Born Ruffians are nothing if not consistent. Everything Luke Lalonde touches seems to turn to gold in my opinion. Before popping in the newest Born Ruffians release I was a little hesitant. In the back of my mind I had this worry that this album would be a step downhill. I don’t what it was that was telling me this, but I put off listening to it for quite awhile. Once I finally worked up the courage to give it a spin I realized how silly my worries were. RUFF is another great addition to the Born Ruffians and Luke Lalonde catalogue.
I find this album to be a slight departure back towards their origin. RUFF has a much rougher sound, something similar to their debut Red, Yellow & Blue. It doesn’t achieve nearly as much as the debut, but it is still quite good. There are more forgettable songs than ever for them, but at the same time it features some of their best tracks ever. Many of the tracks are an improvement to the last release Birthmarks and feature a big step away from their electronic influences. The rougher more garage rock-y sound is much more listenable than Birthmarks (which I did enjoy immensely). The whole album comes across as a really fun experience.
“Don’t Live Up” – This opener tells a tale. Right from the start you can hear their first EP. They are returning to an earlier sound and they are just as good as ever. “Don’t Live Up” is incredibly infectious and feels like such a natural Born Ruffians song that it is hard to believe it hasn’t existed for years.
“Stupid Dream” – The second track is a step up in emotion. It is incredibly fun and memorable. “Stupid Dream” is a sign that Born Ruffians best work may still be ahead of them. Not only is this rockier and jauntier tune one of the best songs on the album, it is also one of my favorite Born Ruffians song ever.
“Yawn Tears” – Right from the start of their career, Born Ruffians proved their mastery over both fast fun indie rock and slow yet catchy ballads. “Yawn Tears” has the possibility to growing into one of these ballads, but just isn’t good enough. The second half of the song picks up in speed and quality, but still it is one of their weaker songs.
“Don’t Worry Now” – Track 4 is almost completely forgettable. It is extremely repetitive and short, but its length makes it more tolerable. I do wonder why it was included on the album at all.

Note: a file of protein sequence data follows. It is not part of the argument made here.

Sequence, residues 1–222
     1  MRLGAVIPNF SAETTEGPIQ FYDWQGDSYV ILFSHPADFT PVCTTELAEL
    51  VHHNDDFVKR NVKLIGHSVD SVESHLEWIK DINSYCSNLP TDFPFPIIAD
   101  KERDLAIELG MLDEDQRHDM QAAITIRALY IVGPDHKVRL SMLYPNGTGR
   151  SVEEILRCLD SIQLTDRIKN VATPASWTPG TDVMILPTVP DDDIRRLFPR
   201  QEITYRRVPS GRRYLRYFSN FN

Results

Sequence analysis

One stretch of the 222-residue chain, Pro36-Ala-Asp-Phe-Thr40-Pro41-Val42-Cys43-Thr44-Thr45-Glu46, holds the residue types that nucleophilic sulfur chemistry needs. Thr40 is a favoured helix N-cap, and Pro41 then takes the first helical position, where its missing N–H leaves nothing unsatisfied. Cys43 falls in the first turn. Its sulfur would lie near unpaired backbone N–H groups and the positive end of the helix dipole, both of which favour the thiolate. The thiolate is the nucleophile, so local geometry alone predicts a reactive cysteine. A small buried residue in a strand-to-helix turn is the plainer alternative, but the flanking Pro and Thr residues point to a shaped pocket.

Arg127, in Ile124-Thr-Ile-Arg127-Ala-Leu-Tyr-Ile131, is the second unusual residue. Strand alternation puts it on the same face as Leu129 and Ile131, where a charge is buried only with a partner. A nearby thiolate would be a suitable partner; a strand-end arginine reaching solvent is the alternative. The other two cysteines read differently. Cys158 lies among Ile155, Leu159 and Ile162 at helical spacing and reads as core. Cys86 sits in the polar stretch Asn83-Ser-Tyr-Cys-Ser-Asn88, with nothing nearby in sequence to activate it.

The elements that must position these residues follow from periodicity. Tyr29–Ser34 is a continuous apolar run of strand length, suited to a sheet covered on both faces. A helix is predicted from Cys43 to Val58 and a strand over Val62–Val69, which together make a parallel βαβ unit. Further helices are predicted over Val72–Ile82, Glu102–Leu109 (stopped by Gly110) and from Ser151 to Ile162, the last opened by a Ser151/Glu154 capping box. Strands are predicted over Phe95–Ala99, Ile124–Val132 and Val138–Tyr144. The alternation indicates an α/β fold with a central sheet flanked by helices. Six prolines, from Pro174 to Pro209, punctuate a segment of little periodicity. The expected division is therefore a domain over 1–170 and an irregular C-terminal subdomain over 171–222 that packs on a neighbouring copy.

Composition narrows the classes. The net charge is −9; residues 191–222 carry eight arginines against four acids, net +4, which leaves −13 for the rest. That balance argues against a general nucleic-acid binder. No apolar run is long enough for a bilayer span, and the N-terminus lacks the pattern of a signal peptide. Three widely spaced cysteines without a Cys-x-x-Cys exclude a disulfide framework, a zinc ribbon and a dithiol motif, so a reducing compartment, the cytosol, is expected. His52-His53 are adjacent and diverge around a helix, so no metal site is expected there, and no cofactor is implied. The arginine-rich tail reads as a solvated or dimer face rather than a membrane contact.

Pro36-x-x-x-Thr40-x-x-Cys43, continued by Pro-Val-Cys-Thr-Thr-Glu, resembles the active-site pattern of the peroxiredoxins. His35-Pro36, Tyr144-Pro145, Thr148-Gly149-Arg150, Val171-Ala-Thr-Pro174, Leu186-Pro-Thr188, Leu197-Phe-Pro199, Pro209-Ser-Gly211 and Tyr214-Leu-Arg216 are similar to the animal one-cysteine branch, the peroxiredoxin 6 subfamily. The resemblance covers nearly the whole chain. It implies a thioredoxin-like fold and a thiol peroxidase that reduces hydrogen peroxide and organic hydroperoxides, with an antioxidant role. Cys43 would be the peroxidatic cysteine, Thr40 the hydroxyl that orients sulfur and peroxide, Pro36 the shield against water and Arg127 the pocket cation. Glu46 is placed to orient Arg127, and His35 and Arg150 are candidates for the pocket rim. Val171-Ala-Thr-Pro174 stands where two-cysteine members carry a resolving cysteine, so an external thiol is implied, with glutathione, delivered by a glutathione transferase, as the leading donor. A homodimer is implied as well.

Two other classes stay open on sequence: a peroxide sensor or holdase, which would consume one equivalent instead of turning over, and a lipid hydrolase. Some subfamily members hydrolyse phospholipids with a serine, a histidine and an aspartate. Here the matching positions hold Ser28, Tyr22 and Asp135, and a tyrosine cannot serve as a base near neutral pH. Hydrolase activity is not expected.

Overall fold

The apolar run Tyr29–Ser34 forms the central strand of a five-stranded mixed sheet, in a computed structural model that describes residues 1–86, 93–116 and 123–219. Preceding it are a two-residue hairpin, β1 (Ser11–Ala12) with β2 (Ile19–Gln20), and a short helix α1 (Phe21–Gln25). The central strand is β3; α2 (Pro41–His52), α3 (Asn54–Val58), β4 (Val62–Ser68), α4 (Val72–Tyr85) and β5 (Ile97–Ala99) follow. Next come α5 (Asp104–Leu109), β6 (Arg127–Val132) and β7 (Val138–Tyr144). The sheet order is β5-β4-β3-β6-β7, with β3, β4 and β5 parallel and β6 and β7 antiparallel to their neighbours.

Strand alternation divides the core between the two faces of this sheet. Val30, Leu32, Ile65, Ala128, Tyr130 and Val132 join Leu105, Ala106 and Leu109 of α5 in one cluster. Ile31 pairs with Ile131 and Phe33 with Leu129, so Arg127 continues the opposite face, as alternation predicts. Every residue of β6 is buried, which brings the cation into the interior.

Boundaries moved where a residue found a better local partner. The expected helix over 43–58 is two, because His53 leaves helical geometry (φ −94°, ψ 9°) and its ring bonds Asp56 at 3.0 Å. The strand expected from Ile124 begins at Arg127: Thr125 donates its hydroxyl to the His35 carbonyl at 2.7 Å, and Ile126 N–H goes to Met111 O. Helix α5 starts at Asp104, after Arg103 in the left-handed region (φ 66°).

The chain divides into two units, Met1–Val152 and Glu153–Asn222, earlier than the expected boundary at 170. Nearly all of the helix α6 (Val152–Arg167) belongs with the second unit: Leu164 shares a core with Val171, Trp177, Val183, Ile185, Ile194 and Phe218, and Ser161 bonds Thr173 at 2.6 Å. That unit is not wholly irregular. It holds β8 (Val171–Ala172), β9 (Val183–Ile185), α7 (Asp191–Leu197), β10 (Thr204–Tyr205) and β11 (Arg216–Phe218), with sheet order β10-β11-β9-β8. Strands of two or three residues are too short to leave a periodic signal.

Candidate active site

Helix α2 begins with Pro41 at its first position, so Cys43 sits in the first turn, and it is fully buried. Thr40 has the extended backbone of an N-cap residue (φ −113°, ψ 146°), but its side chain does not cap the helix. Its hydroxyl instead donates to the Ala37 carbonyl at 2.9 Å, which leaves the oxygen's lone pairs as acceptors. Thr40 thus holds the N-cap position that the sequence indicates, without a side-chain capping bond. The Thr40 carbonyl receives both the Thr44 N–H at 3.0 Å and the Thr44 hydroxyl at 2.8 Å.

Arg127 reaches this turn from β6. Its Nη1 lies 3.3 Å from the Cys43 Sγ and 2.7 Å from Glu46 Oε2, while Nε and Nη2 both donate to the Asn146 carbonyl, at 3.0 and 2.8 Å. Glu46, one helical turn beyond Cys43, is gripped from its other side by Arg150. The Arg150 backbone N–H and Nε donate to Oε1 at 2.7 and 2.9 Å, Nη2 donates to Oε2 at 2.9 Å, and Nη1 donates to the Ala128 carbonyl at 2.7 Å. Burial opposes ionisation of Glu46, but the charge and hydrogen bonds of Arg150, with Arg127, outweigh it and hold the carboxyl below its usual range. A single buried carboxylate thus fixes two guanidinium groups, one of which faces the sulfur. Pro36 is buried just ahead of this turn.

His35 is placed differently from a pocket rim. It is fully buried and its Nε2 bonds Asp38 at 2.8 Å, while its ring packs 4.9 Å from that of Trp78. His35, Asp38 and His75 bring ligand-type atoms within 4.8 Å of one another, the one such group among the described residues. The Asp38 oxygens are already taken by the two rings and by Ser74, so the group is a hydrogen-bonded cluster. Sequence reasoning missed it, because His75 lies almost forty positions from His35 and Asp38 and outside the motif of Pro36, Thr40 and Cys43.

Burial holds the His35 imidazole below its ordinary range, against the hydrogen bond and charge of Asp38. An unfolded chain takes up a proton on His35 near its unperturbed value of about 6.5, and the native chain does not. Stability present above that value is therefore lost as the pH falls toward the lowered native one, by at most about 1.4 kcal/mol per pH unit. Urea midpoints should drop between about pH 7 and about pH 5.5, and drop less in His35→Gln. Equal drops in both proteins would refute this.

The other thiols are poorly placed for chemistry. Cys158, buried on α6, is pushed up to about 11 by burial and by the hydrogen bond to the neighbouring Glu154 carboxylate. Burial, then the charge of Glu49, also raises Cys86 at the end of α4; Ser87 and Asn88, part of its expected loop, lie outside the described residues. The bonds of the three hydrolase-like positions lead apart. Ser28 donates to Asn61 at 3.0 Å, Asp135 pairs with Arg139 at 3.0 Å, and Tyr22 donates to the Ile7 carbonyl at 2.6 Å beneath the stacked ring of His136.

“When Things Get Pointless I Roll Away” – This track sounds like another attempt at the Red, Yellow & Blue sound. It is fun, but not as good as anything on their debut. After a promising start with the first two tracks, the 3rd through 5th fit in well with my initial worries.
“& On & On & On” – Instead of sounding like a rehash of album 1, this track sounds more at home on the recent Birthmarks. It is, however, as good as anything on Birthmarks. I find myself humming this one on & on & on. It makes the name quite fitting. It is a really fun and catchy track that picks up the albums quality after a few disappointments.
“Fuck Feelings” – This track sound incredibly unique for them. It starts off slow and builds a little. Though it lacks the catchy-ness of most Born Ruffians ballads this one brings something unique to the table. It has a more classic indie rock sound that is completely unexpected from them.
“Eat Shit (We Did It)” – With this track they pick up the jauntyness again. They bring back in their infectious behavior and produce a simple and incredibly lovable track. While not the strongest on the album, “Eat Shit (We Did It)” is a lot of fun.
“We Made It” – This might be the highlight of the album. It sounds like a classic Born Ruffians single. The best thing is it is just as good as their greats. “We Made It” and “Stupid Dream” are in competition for my favorite Born Ruffians tracks ever.
“Let Me Get It Out” – This is another really strong and memorable track. It has a stronger rock influence than some others, but this isn’t a bad thing. It is a fairly diverse sounding track that does a good job of showing off Born Ruffians various skills.
“Shade To Shade” – This is a pleasant enough track. It isn’t very memorable or fun, but works well as a sleepy closer. It isn’t really worth an independent listen outside the context of the album.
At the close of the album I must say that I am more than happy. I have no doubts that I will be coming back to listen to RUFF for years to come. It is a great addition to the Born Ruffians discography. If you like them, it is a must. If you don’t know them, it is a must. If you hate them, maybe give it a try. I think this album has something enjoyable for everyone. Its not perfect and not their best work so I’d give it a 4 out of 5 stars.